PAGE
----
A road map is more than just a document that you may want to simply sit and draft, without having a clear goal or objective that needs to be accomplished. The road map also involves getting strong backing from your team and other stakeholders including your investors. The road map cannot be a piece of music for the ears, it needs to be backed by data. You might need clarification about the types of metrics to be used to measure the success or failure of your new product.

Not to worry here are some tips that would help you define the metrics for your road map:

  • Spell out the metrics early on: By defining them early for your new product, you have better clarity during the development phase, before it's shipped to your customers.
  • Scientific Approach: Even before defining your metrics you need to define a hypothesis, test, and measure. The metrics you decide to choose depend on the stage of your product, type, industry, and size of the company. Narrowing down on the important metrics is important to avoid unwanted noise. At the end of the day, all these metrics have to align with the larger business objectives that need to be achieved.

Below are some sample metrics that will help you understand from a business standpoint.

Pivot Road Map Metrics
Pivot Road Map Metrics

How to Create an Effective First Product Roadmap?
A product’s success is one of the main factors that make a business successful. Check out how you can create an effective first product roadmap.

4. Transparency in Communication

You have to openly communicate the pivot plans with all your stakeholders be it - customers, employees, and investors. Any sort of communication gap with the above-mentioned stakeholders will result in shooting in the dark. Clarity in terms of progress, addressing concerns, and openness to feedback at all levels is something non-negotiable.

5. Implement the Pivot

It is always advisable that you implement the pivot in a series of small steps that are trackable and also do not create unnecessary burdens for your team. As I mentioned at the start of this article ‘Pivot is a Painful process’. All I am trying to point out is maintaining your team morale is important during such a transformational period to ensure the pivot is a success. When I say Pivot has to happen in a series of steps which has to be in line with the Pivot Pyramid as mentioned in the first point. Every team has to make a shift to align with the Pivot - Tech, Product, Growth, Sales, Operations.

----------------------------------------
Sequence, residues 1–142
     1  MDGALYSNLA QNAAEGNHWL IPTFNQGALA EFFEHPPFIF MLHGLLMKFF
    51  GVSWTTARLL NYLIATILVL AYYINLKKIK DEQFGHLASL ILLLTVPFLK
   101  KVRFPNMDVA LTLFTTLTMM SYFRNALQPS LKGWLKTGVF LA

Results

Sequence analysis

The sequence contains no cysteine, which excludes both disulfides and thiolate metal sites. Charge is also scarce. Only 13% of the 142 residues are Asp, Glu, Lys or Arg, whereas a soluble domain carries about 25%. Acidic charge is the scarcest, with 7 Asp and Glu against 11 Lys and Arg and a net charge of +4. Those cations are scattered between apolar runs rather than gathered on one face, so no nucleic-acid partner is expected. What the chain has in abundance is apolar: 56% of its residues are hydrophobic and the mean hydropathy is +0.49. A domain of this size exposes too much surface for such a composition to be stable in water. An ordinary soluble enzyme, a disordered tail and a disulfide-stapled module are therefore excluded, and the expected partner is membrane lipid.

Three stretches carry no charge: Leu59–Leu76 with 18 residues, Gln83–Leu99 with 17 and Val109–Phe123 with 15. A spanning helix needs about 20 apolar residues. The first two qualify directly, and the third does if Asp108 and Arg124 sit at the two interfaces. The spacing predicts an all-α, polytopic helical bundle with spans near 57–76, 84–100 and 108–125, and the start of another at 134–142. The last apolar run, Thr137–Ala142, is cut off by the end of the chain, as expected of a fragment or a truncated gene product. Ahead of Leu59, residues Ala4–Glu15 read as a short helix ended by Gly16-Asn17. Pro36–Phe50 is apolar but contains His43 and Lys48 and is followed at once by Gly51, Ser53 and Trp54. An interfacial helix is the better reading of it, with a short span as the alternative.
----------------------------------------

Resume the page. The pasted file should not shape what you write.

6. Iterate and Measure Your Progress

Here, you need to do faster tests, iterate, and follow the loop, as rightly mentioned in the Lean Startup methodology.

MVP (Minimum Viable Product)
MVP (Minimum Viable Product)

I would always recommend the MVP (Minimum Viable Product) approach to ensure efficiency and faster tracking of results.

Once you are ready with your MVP you need to start testing this with a small group of your existing users who can give you the right set of feedback - it could be on regarding your landing page, User experience, and ability to solve the customers' problem. These days it's easy to gauge daily active users and retention with the help of many product analytics that are available in the market. Your job doesn't end by just tracking those analytics in a CSV file. Jokes apart. You need to infer those analytics into actionable items at high priority as stated in the above diagram of the Lean Startup methodology. All the learnings need to be documented for internal visibility and also to expedite the next steps that need to be taken.

All said and done, a Pivot is inevitably painful. You need to have a proper pivot plan as mentioned in the above steps and, above all, a healthy alignment with your customers, investors, and team.

Should You Pivot From Your Main Idea? | How Did It Turn Out for Other Startups?
Pivoting means a change or shift to a new strategy, it doesn’t always entail a drastic overhaul. Discover if you should pivot from your main idea.

Must have tools for startups - Recommended by StartupTalky

Read more